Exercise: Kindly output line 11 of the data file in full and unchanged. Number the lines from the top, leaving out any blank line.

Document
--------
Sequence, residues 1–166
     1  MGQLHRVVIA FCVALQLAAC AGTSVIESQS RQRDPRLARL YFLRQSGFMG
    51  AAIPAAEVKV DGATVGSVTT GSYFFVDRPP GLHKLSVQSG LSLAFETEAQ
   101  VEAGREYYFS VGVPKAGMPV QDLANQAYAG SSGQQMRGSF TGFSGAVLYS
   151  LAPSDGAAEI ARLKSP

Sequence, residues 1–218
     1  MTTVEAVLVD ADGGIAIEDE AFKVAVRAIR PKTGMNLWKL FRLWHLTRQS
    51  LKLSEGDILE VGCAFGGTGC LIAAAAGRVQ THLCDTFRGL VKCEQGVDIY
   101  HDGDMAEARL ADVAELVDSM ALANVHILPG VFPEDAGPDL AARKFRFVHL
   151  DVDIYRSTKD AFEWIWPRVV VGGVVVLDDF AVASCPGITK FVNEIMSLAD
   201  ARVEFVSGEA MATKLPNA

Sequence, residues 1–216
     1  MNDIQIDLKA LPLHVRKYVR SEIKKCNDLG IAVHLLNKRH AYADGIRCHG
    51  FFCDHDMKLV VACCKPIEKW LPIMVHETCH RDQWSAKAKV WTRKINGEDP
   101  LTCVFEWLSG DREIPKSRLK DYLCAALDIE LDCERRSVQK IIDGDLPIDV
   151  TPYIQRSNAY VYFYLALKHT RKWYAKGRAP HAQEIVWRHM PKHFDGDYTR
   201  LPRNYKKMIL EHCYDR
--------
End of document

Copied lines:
   201  ARVEFVSGEA MATKLPNA